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The Spokesman-Review Newspaper
Spokane, Washington  Est. May 19, 1883

PPS teacher strike: Union says its latest proposal would cost $120 million less, due mainly to softened class size demands

By Julia Silverman The Oregonian

Negotiations in the Portland teachers strike resume on Wednesday, with both sides cautiously optimistic after teachers indicated that they are open to changing their request to cap class sizes.

The specific language of the new proposal on class size caps has yet to be released. But union leaders assert it would cost just $6.6 million, a drop of $94 million from the district’s price tag for their previous request.

District sources said they needed more time to evaluate whether they agree with the union’s savings estimate.

Hard caps on class sizes emerged as a central sticking point even as the two sides have drawn closer together on planning time for teachers and cost of living adjustments.

In an email and accompanying memo to their members last night, negotiators for the union said they had modified their proposal on class sizes by proposing a committee at each school, made up of a union representative, the affected classroom teacher, the principal, an assistant superintendent or their proxy and two parents, appointed by either the PTA or, if there is not one, then by the principal and by the building’s union representative.

The school-based class size committee would be called on to decide whether a student could be added to a class that was scheduled to be over a certain threshold.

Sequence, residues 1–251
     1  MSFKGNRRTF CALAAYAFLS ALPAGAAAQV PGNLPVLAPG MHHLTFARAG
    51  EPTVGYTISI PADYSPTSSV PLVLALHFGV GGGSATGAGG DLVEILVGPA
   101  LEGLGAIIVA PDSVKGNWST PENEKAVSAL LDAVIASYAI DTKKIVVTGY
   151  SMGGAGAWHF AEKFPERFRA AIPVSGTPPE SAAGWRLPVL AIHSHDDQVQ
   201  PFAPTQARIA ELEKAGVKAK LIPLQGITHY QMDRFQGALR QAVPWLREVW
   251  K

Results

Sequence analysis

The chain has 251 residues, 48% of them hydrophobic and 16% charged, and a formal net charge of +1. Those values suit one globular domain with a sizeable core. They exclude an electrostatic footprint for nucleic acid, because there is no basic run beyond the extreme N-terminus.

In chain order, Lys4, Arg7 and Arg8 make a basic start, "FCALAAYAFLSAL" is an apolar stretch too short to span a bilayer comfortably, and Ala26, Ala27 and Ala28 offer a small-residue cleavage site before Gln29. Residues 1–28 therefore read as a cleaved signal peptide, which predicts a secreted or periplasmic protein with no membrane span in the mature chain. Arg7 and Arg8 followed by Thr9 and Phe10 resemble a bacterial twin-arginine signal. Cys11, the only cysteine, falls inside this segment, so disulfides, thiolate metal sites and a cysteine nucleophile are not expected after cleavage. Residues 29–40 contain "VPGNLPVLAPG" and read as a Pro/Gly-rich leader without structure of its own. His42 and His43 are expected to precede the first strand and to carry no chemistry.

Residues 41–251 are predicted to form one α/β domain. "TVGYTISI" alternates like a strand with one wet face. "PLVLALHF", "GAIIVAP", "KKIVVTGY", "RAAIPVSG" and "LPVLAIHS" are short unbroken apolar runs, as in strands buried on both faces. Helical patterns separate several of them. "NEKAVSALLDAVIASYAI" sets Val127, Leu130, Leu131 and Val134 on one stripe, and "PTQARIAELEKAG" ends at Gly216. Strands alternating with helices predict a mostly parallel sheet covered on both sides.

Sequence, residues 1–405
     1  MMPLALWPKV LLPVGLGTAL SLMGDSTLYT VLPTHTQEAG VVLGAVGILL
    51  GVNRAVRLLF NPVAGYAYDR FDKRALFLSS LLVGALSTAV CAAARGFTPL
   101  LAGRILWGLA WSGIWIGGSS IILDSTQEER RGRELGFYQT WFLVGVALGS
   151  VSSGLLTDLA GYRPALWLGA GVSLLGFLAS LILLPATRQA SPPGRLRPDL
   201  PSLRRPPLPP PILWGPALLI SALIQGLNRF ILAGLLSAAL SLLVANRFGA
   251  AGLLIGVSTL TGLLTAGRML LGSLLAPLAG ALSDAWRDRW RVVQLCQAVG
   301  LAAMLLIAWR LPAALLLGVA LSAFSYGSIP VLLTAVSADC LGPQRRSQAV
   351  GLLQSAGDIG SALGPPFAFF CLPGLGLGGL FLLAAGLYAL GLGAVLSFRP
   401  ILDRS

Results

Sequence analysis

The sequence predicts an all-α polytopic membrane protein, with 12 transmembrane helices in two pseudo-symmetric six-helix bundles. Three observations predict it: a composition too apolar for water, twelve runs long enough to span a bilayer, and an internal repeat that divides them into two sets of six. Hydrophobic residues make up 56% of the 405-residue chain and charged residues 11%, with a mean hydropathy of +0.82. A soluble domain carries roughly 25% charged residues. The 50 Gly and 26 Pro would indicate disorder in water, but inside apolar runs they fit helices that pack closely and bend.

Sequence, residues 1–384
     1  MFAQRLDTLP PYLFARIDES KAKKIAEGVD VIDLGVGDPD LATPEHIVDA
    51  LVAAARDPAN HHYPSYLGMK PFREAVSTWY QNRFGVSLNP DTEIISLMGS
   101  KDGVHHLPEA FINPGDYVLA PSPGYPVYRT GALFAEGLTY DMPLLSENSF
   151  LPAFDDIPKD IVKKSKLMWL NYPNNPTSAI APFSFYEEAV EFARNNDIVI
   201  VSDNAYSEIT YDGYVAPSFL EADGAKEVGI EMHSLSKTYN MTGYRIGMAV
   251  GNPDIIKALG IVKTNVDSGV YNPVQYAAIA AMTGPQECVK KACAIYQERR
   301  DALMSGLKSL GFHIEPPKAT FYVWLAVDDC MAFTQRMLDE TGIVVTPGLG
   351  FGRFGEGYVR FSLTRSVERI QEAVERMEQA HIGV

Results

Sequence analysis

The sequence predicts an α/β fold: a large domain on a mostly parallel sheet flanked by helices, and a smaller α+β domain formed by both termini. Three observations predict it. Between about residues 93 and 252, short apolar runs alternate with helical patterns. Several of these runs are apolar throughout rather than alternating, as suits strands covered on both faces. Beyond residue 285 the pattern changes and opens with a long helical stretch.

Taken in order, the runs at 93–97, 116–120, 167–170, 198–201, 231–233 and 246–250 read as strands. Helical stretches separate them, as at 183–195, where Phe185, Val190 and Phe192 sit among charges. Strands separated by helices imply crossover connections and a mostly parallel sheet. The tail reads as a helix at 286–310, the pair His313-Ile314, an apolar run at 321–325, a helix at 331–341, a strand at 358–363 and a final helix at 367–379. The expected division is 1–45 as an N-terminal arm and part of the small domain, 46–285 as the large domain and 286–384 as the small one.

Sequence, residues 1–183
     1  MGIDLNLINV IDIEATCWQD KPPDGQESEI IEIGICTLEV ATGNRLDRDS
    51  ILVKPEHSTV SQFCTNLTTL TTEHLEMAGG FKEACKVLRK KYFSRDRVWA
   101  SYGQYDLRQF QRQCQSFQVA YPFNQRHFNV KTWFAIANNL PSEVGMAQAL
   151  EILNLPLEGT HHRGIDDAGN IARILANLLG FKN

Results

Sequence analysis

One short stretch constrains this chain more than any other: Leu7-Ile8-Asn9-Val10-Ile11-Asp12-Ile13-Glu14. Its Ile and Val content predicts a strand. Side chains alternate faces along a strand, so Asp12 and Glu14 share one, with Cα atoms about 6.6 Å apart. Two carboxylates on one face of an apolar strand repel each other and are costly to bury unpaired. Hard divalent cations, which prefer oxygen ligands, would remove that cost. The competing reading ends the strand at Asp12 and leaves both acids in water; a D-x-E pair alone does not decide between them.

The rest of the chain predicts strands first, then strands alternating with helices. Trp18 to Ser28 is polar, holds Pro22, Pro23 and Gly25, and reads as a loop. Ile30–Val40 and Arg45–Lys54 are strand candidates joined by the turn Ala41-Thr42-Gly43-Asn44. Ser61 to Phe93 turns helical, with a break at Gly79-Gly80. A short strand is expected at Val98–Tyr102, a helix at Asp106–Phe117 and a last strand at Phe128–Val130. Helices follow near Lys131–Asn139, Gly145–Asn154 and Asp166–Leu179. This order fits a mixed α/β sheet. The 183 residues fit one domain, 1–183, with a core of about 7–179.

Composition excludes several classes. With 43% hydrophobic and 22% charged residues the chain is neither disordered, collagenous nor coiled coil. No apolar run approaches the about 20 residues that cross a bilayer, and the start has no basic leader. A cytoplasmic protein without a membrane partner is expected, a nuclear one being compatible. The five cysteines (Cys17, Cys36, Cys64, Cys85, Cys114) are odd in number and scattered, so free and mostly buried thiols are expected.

In their note to members, union negotiators said that would bring down the cost of the class size portion of their proposal significantly, to just $6.6 million. That is enough to cover approximately 30 or 40 new teachers, depending on their experience level.

Union negotiators had not released their own figure for their previous class size proposal, but the district had pegged it at $100 million over two years, beginning in the 2024-2025 school year, and said it would have required the district to hire 352 new teachers.

That proposal would have capped class sizes at 26 in kindergarten, 28 in first grade and 29 in grades 3-5 and sixth grades at K-8 schools. Middle school teachers would have had their loads capped at 165 students and high school educators would have had a cap of 175 students.

The Oregon Education Association has tried for several years, without success, to get lawmakers to agree to make class size caps a systemwide mandatory topic of bargaining, after meeting opposition from advocacy groups that represent school boards and superintendents.

District negotiators and the school board have consistently said that they oppose hard class size caps, both because of the financial implications and because they want to retain the flexibility to keep class sizes smallest at high needs, high poverty schools.

Some studies have suggested that very small elementary classes can have a big payoff, particularly for students of color or those navigating poverty. But most research suggests that school systems are better off investing in other priorities, including improving teacher pay, teacher quality and intensive academic intervention for struggling students, than reducing class sizes by a few students.

The union’s latest offer, tendered late Tuesday, also drops its request about planning time in middle schools and defers decision-making about so-called community schools, which would be controlled by the school district and the union and would provide food and other assistance to needy families.